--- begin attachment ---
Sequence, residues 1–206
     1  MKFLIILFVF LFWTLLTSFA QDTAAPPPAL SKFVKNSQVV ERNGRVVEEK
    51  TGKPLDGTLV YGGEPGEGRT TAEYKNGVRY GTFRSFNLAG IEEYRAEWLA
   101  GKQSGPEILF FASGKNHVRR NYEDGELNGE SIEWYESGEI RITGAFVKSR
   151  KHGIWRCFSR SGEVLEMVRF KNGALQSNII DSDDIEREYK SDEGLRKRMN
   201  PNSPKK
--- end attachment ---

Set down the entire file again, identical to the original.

Sequence, residues 1–206
     1  MKFLIILFVF LFWTLLTSFA QDTAAPPPAL SKFVKNSQVV ERNGRVVEEK
    51  TGKPLDGTLV YGGEPGEGRT TAEYKNGVRY GTFRSFNLAG IEEYRAEWLA
   101  GKQSGPEILF FASGKNHVRR NYEDGELNGE SIEWYESGEI RITGAFVKSR
   151  KHGIWRCFSR SGEVLEMVRF KNGALQSNII DSDDIEREYK SDEGLRKRMN
   201  PNSPKK